Glick’s Picks: August 4-August 10

This week’s titles are all graphic novels. Graphic novels are defined as a full-length story told in a paneled, sequential and graphic format. These books are very popular, and the popularity is growing as more people become familiar with works in this appealing and diverse format. These authors and titles are just a taste of the numerous treasures lurking in a graphic novels collection near you!


Picture Book (K-3) The Adventures of Polo by Regis Faller 

Polo is a smart and adventure-seeking dog. Equipped only with a small backpack filled with a few necessities, he roams the world and beyond, venturing from the ocean depths into outer space and everywhere in between. He travels by boat, plane, spaceship and many other vehicles. He’s always ready for adventures and new friends. There are many other Polo stories to read in this series, and you will want to because this little dog will win your heart.

Intermediate Grades (4-5) Knights of the Lunch Table by Frank CammusoDuring his first day at Camelot Middle School, Artie King opens a locker that no one has ever been able to open, and his life changes dramatically as a result. The novel is a wonderful story about making friends, testing your limits and overcoming challenges. The book retells stories about King Arthur but with a twist that will make you laugh out loud. If you are hooked after this one, there are more in this series to explore!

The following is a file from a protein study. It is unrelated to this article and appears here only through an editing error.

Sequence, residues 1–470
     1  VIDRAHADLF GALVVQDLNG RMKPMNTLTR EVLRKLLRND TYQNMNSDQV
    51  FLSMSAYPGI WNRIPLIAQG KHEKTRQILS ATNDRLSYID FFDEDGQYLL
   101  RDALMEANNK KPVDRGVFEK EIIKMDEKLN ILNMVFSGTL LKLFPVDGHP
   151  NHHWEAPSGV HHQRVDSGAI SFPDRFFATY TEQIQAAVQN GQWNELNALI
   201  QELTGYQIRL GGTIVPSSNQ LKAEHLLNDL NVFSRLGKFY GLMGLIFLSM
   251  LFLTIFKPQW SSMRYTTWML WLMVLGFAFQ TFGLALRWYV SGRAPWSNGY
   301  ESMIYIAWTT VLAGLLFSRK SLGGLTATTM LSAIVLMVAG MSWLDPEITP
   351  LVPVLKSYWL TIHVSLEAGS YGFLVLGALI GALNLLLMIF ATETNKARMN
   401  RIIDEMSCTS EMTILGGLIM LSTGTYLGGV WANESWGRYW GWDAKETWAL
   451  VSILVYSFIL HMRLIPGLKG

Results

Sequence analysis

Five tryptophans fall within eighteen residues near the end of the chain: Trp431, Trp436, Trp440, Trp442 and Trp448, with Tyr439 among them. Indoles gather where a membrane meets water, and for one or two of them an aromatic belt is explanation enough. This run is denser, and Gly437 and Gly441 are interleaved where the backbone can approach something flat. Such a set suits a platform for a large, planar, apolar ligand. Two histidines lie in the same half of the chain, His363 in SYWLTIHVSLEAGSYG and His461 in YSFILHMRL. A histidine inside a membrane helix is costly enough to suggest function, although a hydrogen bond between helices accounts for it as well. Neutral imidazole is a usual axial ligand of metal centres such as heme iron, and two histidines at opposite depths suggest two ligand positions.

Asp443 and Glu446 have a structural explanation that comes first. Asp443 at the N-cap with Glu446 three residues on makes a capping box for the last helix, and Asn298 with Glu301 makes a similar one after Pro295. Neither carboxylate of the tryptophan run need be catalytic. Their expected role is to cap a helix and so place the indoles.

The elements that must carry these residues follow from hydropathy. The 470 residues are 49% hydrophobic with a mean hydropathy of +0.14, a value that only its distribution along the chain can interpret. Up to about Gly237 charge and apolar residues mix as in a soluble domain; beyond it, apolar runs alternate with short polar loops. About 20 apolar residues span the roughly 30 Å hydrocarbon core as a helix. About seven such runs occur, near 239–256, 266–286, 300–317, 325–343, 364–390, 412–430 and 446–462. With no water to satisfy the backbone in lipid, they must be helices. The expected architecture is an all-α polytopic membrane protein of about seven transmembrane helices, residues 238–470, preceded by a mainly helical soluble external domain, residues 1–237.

Middle School (6-8) Smile by Raina TelgemeierRaina is struggling with one specific aspect of her life: her smile. After an accident that damaged her front teeth, Raina has to get braces, but this story is about a lot more than braces and trips to the dentist. It’s a story about friendship, finding yourself and facing challenges when times are tough. The art in this graphic novel is outstanding and tells the story as much as the words do. You must read this one – it will make you think, feel and smile!
High School (9-12) March by John Lewis, Andrew Avon and Nate PowellCongressman John Lewis is an iconic figure within the Civil Rights movement and the last surviving member of the “big six leadership,” which spoke at the famous March on Washington. His remarkable journey took him from being the son of a sharecropper to marching with Martin Luther King, Jr., to the halls of Congress. Beginning on the morning of President Obama’s inauguration in January 2009, Representative John Lewis’ memoir, March, is a powerful recollection of a man’s life as he grew up in a very changing world. This story is powerful in its narration and truth.




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